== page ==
Ontario testing of students’ literacy and math skills to go digital
EDUCATION REPORTER — The Globe and Mail
Published Wednesday, Sep. 10 2014, 11:48 AM EDT
Thank you Kate Hammer for this article. It is interesting to see that Ontario is piloting the digital testing.
“The agency responsible for measuring the reading, writing and math skills of Ontario students announced Wednesday that it will be going digital.
Ontario’s Education Quality and Accountability Office (EQAO) is poised to introduce an online version of its Grade 10 literacy test in November. About 1,200 students at 30 high schools will take part in a pilot version of the tests in the coming weeks, sitting at computers instead of at desks with a booklet and a pencil.” See full article.
Online testing in schools
I would like to ask a few questions.
- Are we testing students’ knowledge or their ability to use a computer to input the information?
- Are we preparing them to use the computer effectively?
- Why are we not teaching them to type at an early age?
Knowledge or Ability?
I believe that online testing in schools is great for taking them into the 21st Century. This is the pen and paper of the future, although I am not saying that children should not learn to write.
We need to ensure that students are being tested for their knowledge on the subject and not for their ability to type and enter data into a computer. If they are focusing on finding the keys, and hunting and pecking at the keyboard, they are not completely focused on the content.
Did you know that when you touch type, you are using a different part of the brain than the part you use when you hunt and peck at the keyboard? Learn more …
Essential 21st Century Skills
Whatever happened to teaching typing skills in Grade 9? Long gone are the days when students chose to take typing to become a secretary. 96% of all jobs now require typing skills. Why is this not on the curriculum yet? It should be.
I often get asked, “What is the best grade in which to learn to type?”
After teaching over 1,400 students to type using and developing our methodology, the most optimized grade in which to learn how to type correctly is Grade 3. Here are a few reasons why:
- The brain is mature enough to learn all the keys.
- Students want to use the computer at home and at school.
- They have access to digital devices from an earlier age.
- They are used to accessing their cerebellum (muscle memory) by playing sports and musical instruments.
- They can see a use for new typing skills and practice these in practical applications.
- They have developed good reading, word recognition and spelling skills.
- Their hands are large enough to reach most of the keys.
A few schools are allowing students access to a typing program, but children have reported that the program is either old, boring or not supervised.
After completing surveys and interviews with over 500 students in both England and Canada, it was determined that only 4% of students had completed another typing program, only 7% were using the correct finger position, and only 10% enjoyed the experience.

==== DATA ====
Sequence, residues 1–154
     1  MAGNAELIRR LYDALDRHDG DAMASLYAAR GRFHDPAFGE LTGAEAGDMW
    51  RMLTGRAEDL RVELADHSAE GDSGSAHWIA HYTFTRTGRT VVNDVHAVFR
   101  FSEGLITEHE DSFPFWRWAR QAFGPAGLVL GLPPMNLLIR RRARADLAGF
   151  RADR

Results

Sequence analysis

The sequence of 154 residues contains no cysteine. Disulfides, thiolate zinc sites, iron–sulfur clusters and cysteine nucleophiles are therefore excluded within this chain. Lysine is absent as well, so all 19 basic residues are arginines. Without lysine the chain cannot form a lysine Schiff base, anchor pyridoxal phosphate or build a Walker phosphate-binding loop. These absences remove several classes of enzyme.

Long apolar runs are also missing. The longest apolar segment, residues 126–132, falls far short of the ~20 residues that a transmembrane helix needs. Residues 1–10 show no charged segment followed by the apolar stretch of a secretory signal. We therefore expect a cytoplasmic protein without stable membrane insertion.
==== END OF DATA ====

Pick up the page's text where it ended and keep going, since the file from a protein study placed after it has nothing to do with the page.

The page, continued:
In comparison, after students had completed our Qwertynomics program, 95% of them finished the program, 97% used all ten fingers correctly and 95% enjoyed the program.
What do Educators think?
The results speak for themselves, so why are we not teaching students to type correctly.
Easy to use
Teachers find it easy to teach the Qwertynomics methodology in schools. After listening to educators, children and schools, we have developed an easy-to-use program, combining fun, user-friendly software, video training for teachers and students, quizzes and extensive reporting for teachers, students and parents.
All it takes is a one-day Qwertynomics training day.
Typing/Keyboarding skills need to be taught
Preparing students early for online testing is essential. Typing or Keyboarding, as it is often called, should be taught at school from Grade 3 or above before poor habits are formed. This not only impacts students’ literacy lessons, but increases their achievement in all areas of the curriculum.
If you wanted your child to learn to swim, would you just throw him in the deep end of the pool and expect him to know how to swim? No, you would not. This also applies to learning essential 21st century skills. There is a misconception that children will just discover this all by themselves.
Not only do we teach students how to touch type correctly within 10 lessons, but we also enhance their spelling, reading and writing skills, allowing them to concentrate on the content and not the process. Shortcuts enhance students’ productivity, and videos teach them about the importance of basic ergonomics and the simple changes they can make for better typing health.